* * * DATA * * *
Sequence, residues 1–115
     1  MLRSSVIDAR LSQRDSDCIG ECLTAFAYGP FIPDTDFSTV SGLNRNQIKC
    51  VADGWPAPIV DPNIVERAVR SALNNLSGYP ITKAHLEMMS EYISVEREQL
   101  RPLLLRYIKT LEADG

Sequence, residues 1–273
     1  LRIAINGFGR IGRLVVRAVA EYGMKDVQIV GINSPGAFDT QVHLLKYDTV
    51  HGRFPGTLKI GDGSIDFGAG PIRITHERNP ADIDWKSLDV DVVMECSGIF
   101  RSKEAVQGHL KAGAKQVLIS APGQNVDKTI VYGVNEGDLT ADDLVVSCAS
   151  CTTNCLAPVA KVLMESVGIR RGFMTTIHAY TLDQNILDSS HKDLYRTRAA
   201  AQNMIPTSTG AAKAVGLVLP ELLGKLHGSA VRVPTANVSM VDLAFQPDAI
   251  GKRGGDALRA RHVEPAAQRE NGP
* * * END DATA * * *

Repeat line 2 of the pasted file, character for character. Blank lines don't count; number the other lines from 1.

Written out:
     1  MLRSSVIDAR LSQRDSDCIG ECLTAFAYGP FIPDTDFSTV SGLNRNQIKC